Natural Resources: Stargazingby: Valynda Mayes

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In 2009, we had the year of astronomy. Even President Obama hosted an astronomy night on the White House lawn. Your explorations of nature need not be limited to daylight hours—though it is important to point our when celestial objects like the Moon are visible during the day to counter misconceptions. This year, introduce your students to the night sky with an astronomy club, or even just a one-time event. There is just something special about the night sky, so spread some blankets on a grassy field, borrow a telescope from a university, and see what’s up there.

Grades
  • Elementary
Publication Date
3/1/2010

Community ActivitySaved in 175 Libraries

Reviews (3)
  • on Thu Jul 07, 2011 9:51 PM

Mayes introduces us to a variety of web resources, many from NASA, that may be used within the classroom. Each of the resources focus on astronomy concepts. The websites that are still active are: http://stardate.org/; www.astrosociety.org/iya/guides.html; www2.jpl.nasa.gov/ambassador/; http://nightsky.jpl.nasa.gov/ planner.cfm; www.astroleague.org; http://sunearthday.nasa.gov; www.darksky.org; www.darkskiesawareness.org; www.google.com/sky; www.telescope.org/index.php; http://mo-www.harvard.edu/ MicroObservatory; www.telescopesineducation.com; www.worldwidetelescope.org/. Home.aspx. Throughout each of the websites, tools of astronomy can be found through searches of the site itself.

Sandra Gady  (Renton, WA)
Sandra Gady (Renton, WA)

  • on Wed Dec 22, 2010 2:51 PM

This short article is packed with ideas to incorporate into an astronomy unit for any grade or if you are thinking of starting an astronomy club or just a one time event. In just a few minutes I was able to find out where to get monthly guides to the night sky, how to find a solar system ambassador to work with, get ideas for celebrating the spring equinox, and control a telescope in another part of the country! There are standards connections as well as the links to all ideas and resources mentioned.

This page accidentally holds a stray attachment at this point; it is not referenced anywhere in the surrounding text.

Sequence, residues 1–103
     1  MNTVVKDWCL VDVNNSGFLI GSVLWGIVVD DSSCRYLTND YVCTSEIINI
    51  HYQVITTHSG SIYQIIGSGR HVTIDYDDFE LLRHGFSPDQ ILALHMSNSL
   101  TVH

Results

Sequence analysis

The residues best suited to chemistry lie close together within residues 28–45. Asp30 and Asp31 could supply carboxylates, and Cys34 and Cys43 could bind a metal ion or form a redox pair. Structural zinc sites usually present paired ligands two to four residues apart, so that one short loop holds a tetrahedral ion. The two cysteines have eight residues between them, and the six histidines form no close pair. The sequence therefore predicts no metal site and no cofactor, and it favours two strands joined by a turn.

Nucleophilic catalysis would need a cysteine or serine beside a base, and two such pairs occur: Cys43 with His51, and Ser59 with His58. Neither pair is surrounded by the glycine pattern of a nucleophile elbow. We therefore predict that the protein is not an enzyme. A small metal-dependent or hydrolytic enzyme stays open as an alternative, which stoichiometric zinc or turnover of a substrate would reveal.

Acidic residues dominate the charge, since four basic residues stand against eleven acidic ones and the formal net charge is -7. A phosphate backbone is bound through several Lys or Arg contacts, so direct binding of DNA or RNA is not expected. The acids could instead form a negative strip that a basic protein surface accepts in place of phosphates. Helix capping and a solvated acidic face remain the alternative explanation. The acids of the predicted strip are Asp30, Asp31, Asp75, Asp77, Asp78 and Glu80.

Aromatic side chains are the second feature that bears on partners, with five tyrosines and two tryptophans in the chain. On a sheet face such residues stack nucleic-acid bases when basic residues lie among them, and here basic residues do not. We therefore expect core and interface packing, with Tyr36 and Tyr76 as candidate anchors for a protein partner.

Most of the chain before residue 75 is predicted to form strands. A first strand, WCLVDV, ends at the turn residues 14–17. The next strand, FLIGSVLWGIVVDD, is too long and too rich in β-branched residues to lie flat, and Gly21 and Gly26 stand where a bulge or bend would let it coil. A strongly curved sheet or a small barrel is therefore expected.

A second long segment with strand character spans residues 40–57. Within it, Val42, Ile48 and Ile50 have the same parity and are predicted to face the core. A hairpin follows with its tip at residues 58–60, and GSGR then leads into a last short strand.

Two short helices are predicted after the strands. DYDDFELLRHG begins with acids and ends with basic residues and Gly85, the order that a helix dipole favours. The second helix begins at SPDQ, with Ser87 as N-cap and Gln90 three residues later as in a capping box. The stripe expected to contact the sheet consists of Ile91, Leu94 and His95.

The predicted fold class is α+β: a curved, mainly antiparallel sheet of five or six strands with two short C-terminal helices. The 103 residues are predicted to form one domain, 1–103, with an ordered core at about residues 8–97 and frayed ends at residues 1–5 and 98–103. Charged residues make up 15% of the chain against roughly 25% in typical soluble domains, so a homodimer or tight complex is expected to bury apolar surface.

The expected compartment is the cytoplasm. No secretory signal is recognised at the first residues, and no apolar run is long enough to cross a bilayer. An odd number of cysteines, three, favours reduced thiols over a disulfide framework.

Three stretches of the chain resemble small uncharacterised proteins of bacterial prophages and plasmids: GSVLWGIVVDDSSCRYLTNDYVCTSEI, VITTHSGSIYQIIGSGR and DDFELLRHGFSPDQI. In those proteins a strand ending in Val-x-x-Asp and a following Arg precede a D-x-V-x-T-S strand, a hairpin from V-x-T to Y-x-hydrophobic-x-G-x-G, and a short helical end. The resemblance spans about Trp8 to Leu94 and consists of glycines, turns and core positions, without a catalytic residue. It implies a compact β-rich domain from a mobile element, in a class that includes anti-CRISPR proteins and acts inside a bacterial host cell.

Caryn Meirs  (Smithtown, NY)
Caryn Meirs (Smithtown, NY)

  • on Wed Nov 12, 2014 9:06 AM

This article is full of web links to show you different things on astronomy. They can tell you when to look for meteorites. I recommend this article because it is a good article filled with a lot of information on the stars. They have a link listed to the Astronomical league that sponsor’s an astronomy day. NASA also has a link on here that takes you to a site that has ideas for themes such as; sun earth day. I feel this is valuable to read so you can have resources that give you ideas for your classroom and helps you enhance your lessons and broaden your student’s minds. This article pointed out that even President Obama hosted a star gazing night at the white house. It has a City Science section that informs you on dark sky awareness. Even if you can only see a little bit with the naked eye in your city setting, software and websites are available to help you explore the sky often in real time.

Traci Morrison  (Nocona, TX)
Traci Morrison (Nocona, TX)


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